Trailing 1-0, the Rangers stormed back late in the second period with goals by Chris Kreider and Brian Boyle to take a 2-1 advantage after two periods. The Rangers held onto that lead midway through the third period when the ex-Ranger Marion Gabroik scored the tying goal on a power play.

From that point on the game became a battle of the wills between both goaltenders. Both the Rangers and Kings were making one desperate charge on goal after another and neither Lundqvist nor Quick blinked, like two old cowboys in a draw.

While dropping the series stings, it is a series that the Rangers cannot be ashamed of. They gave everything they had against a red hot Kings team that had won three Game 7s this postseason. Many thought the Rangers would get blown out, they never did.

Until next year Rangers, thank you for a great season.

Friday, June 13, 2014

Carmelo Antohny Leans to Opting Out, First Challenge for Derek Fisher

Even with Phil Jackson running the show atop a Madison Square Garden office/suite, and even with a new coach in Derek Fisher it is not enough to persuade Carmelo Anthony from opting out of his contract with the New York Knicks.

Sources confirm that even with the Knicks best offices to keep Anthony in New York for another year, it may not be enough. Anthony wants to test the free agent waters and see how much he could make.

It would be an unsurprising turn of events if Anthony decides to leave New York for greener pastors. While he would lose out on making $23 million if he remains in his contract this season, and could potentially lose out on a more lucrative deal if he resigns a major contract with the Knicks, he could end up in a better situation to win a championship at this stage of his career.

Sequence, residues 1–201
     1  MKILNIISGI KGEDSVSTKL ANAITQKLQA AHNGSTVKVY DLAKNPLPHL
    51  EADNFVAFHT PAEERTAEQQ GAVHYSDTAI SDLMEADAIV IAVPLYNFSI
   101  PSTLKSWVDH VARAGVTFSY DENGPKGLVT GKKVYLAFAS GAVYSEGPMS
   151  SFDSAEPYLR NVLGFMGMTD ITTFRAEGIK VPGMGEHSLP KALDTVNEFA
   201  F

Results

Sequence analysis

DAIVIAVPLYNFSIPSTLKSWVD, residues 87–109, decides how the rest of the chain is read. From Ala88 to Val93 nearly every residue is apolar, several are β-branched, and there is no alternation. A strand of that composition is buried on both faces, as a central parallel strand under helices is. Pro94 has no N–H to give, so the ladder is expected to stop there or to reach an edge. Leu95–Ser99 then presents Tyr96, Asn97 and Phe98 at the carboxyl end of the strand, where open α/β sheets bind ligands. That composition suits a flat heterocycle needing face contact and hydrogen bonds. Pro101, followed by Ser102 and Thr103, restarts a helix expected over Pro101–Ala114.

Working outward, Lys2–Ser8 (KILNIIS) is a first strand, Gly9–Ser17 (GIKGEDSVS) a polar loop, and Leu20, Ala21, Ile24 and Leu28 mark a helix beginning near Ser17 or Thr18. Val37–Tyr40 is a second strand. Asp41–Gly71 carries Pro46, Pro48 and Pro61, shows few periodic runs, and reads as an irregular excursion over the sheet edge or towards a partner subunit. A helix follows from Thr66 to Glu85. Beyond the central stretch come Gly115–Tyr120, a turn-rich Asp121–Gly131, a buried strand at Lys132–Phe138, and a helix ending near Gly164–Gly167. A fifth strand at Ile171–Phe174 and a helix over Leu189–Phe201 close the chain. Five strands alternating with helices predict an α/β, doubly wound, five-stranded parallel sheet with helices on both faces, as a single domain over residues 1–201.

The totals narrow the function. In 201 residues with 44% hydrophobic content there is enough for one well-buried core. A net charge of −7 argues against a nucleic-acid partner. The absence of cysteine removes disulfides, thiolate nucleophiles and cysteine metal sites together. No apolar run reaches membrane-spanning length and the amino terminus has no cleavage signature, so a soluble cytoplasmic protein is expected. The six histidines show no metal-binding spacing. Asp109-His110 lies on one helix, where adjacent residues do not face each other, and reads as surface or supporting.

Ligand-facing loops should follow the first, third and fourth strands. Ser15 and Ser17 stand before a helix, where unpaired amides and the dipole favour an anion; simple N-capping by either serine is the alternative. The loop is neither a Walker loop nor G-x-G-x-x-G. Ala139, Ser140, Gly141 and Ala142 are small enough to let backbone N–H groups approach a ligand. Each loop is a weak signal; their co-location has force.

The Chicago Bulls, Dallas Mavareicks, Miami Heat, and even the Houston Rockets are all in better position to win now as compared to the Knicks. The Mavs can offer Anthony the opportunity to play with Dirk Nowitizki, the Bulls can give him Derrik Rose, Jokim Noah and Carlos Boozer, and the Rockets could give him Dwight Howard and, yes, Jeremy Lin. However the Heat might be the more intriguing play.

With Miami down 3-1 in the NBA Finals, and the Big Three they signed four years ago about to hit free agency again, the Heat are more likely to rebuild their team around LeBron James. While James will likely test the waters himself, it is not likely he will make the same mistake he did four years ago. He is going to want stability at this point in his career, and nothing is more stable for LeBron than South Beach. If LeBron stays put, why wouldn't Anthony go there and replace D-Wade as Miami's Robin to James' Batman?

It would make sense.

If Anthony does leave New York it would be perceived as big strike against Jackson and Fisher. Fisher is trying to establish himself as a first time coach the way Jason Kidd did so successfully in Brooklyn. He needs to have star power to make it work.

Fisher would love to have Anthony around; he would make his job easier. It will be hard enough for Fisher to run a team on the court where Phil Jackson will get the credit for every victory by a silly media. 

At the same time, lets remember that Anthony hasn't exactly been Dr. Clutch the past few years for the Knicks. While he has been the catalyst that kept a bad Knicks team alive this year, he wasn't the sole reason for any postseason success before.

Losing Anthony won't be the worst thing, as painful as it sounds now, because losing his salary would give the Knicks some flexibility to go out and get players that fit the Phil Jackson brand.

So if Anthony and the Knicks move on, as painful as it would seem, it could be the best for both sides. We'll wait and see how this saga plays out. Remember Anthony has until June 23 to tell the Knicks yes or no.